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Visible: How art has helped me express my mental health story


For many young people, the transition to adulthood can be uncertain and overwhelming. Add to that a feeling of isolation and disconnection, and it’s no surprise this is the time where people are most likely to face mental health challenges. 

SANE Australia Peer Ambassador Jess has recently co-designed a new project called Visible.

Visible is a creative collaboration between young Australians experiencing mental health challenges, and artists. These partnerships have produced an insightful collection of creative expressions that share the real experiences of mental health challenges faced by young people. The aim is to change how mental health is seen and spoken about across Australia, and create a culture that’s more accepting and understanding. 

Here's what Jess had to say about the project:

"My Visible expression tells the story of the long-term impacts of childhood trauma and adversity. More specifically, it tells the story of the events leading to my suicide attempt and how a chance encounter after the fact changed my life and the way I relate to my complex mental illness forever.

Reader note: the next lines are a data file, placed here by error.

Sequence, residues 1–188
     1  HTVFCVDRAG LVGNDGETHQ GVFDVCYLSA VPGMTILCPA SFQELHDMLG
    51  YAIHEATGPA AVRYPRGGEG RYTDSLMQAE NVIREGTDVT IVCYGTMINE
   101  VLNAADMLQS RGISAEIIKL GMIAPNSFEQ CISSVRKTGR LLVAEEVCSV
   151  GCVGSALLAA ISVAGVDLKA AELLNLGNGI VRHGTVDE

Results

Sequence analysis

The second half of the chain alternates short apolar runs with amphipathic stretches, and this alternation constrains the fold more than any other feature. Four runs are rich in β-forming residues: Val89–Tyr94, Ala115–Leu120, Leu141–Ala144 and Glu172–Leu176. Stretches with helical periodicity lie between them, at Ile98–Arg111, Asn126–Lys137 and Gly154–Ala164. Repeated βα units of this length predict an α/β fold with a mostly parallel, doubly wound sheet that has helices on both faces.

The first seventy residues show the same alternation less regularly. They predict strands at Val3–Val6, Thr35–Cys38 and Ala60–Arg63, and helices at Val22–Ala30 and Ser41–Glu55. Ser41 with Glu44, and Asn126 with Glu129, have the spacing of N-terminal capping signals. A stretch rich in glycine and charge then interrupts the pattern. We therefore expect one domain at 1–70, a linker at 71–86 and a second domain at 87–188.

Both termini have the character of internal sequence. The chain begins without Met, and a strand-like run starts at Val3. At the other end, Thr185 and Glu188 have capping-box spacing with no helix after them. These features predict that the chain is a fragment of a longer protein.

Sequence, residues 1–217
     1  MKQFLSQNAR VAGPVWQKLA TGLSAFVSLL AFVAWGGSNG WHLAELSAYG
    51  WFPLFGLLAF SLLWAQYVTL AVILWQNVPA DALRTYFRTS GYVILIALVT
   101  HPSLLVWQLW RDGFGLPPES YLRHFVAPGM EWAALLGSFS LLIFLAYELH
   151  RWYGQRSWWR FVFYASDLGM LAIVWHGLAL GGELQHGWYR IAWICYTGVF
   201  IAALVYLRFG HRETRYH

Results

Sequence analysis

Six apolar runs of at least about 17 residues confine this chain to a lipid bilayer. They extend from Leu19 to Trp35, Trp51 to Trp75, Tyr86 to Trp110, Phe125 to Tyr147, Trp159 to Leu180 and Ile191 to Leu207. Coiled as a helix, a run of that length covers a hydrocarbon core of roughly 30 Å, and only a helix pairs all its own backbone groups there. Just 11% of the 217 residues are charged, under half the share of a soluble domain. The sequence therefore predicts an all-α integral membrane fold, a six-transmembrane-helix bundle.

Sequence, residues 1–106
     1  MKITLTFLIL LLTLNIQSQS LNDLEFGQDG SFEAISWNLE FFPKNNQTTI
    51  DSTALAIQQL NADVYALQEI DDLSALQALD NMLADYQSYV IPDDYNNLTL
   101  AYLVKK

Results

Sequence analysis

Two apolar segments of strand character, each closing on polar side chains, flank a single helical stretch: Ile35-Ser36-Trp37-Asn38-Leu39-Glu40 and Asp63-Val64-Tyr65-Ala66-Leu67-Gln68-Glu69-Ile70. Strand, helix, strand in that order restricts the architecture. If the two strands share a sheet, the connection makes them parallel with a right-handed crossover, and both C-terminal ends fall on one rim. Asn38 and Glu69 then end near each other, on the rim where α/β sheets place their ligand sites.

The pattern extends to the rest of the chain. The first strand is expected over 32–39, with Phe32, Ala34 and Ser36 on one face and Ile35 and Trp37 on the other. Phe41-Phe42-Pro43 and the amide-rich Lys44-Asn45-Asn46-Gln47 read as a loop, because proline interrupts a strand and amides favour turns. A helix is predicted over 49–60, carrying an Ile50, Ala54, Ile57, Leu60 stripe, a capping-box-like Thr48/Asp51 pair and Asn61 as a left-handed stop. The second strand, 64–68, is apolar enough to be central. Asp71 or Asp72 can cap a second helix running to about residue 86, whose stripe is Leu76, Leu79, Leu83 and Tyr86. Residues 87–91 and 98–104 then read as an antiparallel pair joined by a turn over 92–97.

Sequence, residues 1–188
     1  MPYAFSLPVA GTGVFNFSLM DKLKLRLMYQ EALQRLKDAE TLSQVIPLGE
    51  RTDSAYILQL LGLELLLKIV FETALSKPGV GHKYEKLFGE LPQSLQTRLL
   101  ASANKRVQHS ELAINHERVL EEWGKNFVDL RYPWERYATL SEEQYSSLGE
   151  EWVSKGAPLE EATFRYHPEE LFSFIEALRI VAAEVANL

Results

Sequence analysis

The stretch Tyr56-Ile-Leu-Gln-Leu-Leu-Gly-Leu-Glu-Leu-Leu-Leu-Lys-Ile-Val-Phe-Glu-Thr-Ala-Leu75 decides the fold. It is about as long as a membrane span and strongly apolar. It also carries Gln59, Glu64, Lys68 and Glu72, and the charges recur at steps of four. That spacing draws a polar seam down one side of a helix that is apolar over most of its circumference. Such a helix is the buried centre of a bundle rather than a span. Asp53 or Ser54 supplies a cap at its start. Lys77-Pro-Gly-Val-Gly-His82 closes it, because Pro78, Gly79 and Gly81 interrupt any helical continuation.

By and large, the highlight of Visible for me has been working with my artist and collaborator, Anna. Anna and I are great buddies now and support each other's artistic endeavours and growth. I will always be grateful to Visible for bringing Anna's kind, and very authentic energy into my life. She told my story with such richness and consideration. I don't think I have ever felt more seen, heard or held by another person in my life. 

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Depression: You can't fake it till you make it


​Content warning: Self-harm and hospitalisation.

It's okay not to be okay . . . trust me, because I learnt this the hard way.

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Fears that stop the question ‘are you okay?’


When it comes to asking the important question 'are you okay?' fear can get in the way.

Fear of the response. Fear of our inexperience on the topic of mental health. Fear of appearing to be a stickybeak.

But these concerns don't recognise the relief many people feel after they hear the question.

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Self-help if you're feeling suicidal

Self-help if you're feeling suicidal

Feeling suicidal means feeling more pain than you can cope with at the time. But remember, no problem lasts forever.

With help, you can feel better and keep yourself safe. People get through this. People who feel as badly as you feel now. So get help now. You can survive.

There are things you can do to relieve the pain and reduce the desire to end your life.

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